The Cookbooks that Define Us

Plated Tomato Arugula Provencal

Tomato Arugula Provençal

When family was visiting us recently, my niece and I eventually got around to talking about recipes (as is my wont). I believe we were talking about a Middle Eastern dish and I naturally asked her if she had any of the Ottolenghi cookbooks. “Oh no,” she replied. “I get most of my recipes from the internet.”

I have heard that refrain from other home cooks of the Millennial generation. As someone who reviews cookbooks, as someone who cherishes a handful of her own well-worn cookbooks, and as someone whose mother amassed a large collection of cookbooks during her lifetime, I can’t help feeling that my niece and her ilk are missing out.

Like recipe cards that will soon be extinct, a person’s cookbook collection tells a story about the cook’s life. Embedded in their pages are handwritten notes that sometimes include dates, minor adjustments to the recipe, and often splatters. The more notes and grease spots, the more valuable the cookbook is to both its owner and her progeny. Taken together, cookbook collections also serve as guideposts offering clues as to a person’s age, where they might have lived or traveled and even certain personality traits.

One of my greatest regrets is that my mother let my father donate nearly all her cookbooks before I had a chance to go through them. It irritates me still, six years later. The one I wanted the most was her falling-apart copy of the Joy of Cooking that she probably received as a wedding or bridal shower gift. Anyone lucky enough to have her mother’s copy of Joy of Cooking knows what I am talking about. I have searched high and low for the exact edition my mother once had, but haven’t yet found it. Even if I did, it wouldn’t be the same. My mother was embodied in that cookbook and without her notes and splatters, it would be an empty vessel.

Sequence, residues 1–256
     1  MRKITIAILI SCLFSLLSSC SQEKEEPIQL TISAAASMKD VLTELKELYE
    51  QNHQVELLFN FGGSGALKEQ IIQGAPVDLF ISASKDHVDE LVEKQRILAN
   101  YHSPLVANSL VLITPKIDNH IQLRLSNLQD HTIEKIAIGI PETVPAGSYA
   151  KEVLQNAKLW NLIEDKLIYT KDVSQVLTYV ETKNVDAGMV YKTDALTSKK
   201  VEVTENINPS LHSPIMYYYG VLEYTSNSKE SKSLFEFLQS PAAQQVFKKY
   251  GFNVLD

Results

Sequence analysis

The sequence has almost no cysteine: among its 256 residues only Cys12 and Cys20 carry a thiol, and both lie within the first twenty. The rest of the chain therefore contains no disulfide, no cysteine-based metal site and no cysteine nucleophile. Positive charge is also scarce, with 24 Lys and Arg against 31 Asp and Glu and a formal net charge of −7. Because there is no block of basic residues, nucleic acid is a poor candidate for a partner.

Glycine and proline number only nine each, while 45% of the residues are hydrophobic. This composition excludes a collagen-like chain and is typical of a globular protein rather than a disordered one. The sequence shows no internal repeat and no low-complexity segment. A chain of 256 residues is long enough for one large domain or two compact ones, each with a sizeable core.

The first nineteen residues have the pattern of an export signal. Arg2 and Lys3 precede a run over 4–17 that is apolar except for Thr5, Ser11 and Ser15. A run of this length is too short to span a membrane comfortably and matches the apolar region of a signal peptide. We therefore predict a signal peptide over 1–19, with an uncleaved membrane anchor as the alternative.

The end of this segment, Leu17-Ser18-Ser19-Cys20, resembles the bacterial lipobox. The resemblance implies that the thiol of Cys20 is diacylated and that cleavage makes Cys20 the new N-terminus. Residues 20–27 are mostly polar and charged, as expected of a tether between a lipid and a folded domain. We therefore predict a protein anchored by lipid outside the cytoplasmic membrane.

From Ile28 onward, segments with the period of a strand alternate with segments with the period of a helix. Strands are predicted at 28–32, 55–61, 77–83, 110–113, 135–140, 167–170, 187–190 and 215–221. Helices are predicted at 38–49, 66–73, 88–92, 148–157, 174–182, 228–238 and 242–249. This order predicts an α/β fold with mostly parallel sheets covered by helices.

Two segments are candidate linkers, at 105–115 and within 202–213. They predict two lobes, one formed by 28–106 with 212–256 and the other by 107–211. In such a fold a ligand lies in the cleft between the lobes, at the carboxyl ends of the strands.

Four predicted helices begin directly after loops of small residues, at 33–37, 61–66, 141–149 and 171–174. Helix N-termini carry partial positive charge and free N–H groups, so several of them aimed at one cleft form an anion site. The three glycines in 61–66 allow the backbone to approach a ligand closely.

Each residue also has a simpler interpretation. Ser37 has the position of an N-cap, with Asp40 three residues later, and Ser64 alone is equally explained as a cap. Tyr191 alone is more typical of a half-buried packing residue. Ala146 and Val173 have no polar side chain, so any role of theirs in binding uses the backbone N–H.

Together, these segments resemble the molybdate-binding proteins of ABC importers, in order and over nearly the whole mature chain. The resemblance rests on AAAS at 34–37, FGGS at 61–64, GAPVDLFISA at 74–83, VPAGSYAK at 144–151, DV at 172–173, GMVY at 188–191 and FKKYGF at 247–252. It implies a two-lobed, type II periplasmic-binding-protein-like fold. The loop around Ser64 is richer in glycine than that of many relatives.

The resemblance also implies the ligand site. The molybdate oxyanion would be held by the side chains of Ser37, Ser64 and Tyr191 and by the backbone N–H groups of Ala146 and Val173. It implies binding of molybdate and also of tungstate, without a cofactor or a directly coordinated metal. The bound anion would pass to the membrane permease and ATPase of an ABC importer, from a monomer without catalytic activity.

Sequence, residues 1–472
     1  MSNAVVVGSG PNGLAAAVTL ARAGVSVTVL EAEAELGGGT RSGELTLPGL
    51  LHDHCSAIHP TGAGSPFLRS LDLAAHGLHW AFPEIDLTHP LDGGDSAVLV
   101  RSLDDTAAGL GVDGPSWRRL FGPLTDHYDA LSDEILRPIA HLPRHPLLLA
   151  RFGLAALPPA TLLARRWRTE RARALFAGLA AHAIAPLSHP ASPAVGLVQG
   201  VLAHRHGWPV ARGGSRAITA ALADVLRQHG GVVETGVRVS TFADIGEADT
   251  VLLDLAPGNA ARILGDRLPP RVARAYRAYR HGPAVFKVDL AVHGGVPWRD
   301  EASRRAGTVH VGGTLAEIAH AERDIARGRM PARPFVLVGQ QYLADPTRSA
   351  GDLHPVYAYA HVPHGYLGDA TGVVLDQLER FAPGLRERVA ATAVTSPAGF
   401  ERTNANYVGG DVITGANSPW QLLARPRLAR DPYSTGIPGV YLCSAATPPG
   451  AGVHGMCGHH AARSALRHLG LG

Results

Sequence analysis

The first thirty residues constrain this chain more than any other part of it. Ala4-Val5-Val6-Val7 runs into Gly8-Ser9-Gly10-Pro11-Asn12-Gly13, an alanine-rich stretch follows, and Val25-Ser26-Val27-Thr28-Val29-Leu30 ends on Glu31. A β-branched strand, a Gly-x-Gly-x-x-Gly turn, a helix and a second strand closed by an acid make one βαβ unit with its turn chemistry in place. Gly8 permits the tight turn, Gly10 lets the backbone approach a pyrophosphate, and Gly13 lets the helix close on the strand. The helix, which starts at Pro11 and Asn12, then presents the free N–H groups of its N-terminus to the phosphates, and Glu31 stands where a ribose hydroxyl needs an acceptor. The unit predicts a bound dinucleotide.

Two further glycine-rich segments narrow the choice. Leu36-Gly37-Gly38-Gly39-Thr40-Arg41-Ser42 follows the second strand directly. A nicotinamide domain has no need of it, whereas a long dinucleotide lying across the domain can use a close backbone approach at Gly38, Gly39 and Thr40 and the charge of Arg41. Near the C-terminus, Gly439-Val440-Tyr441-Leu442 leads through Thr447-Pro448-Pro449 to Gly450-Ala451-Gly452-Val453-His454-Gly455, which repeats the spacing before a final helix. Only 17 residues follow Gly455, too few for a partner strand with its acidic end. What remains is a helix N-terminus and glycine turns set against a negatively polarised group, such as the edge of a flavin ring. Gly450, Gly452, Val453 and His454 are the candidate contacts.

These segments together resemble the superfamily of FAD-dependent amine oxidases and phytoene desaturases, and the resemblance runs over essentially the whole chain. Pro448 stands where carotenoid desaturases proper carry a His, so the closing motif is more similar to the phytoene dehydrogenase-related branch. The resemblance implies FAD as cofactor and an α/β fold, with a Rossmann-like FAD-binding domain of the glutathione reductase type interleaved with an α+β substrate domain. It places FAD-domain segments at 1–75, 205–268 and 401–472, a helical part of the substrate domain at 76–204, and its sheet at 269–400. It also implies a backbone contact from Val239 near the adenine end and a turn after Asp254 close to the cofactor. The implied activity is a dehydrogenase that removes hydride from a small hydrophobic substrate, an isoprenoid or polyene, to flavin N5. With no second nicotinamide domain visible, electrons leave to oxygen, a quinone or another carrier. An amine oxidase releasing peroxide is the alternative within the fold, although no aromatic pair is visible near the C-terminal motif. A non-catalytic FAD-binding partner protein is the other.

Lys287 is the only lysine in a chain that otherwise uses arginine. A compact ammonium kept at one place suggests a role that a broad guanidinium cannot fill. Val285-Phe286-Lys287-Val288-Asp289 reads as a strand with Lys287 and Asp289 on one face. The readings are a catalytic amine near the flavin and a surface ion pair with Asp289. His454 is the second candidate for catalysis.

Recently, I attended a small dinner party where one of the guests brought a lovely tomato-based spread for little rounds of toasted baguette. It seemed so fresh and different and everyone gobbled it up. I turned to my friend and asked her where she got the recipe. “Oh, one of the Silver Palate cookbooks—maybe The New Basics,” she replied. “It’s on page 8. “

Lucy is a new friend, having moved here about a year ago, but the connection I felt to her through a recipe from a Silver Palate cookbook made me feel as if I had known her forever. I think I may have squealed a little in delight.

Once in a blue moon there are cookbooks that seem to define a generation—or at least a decade. The Silver Palate cookbooks (The Silver Palate Cookbook, The Silver Palate Good Times Cookbook, The New Basics Cookbook and All Around the World Cookbook) defined the 1980s—at least for those of us on the East Coast.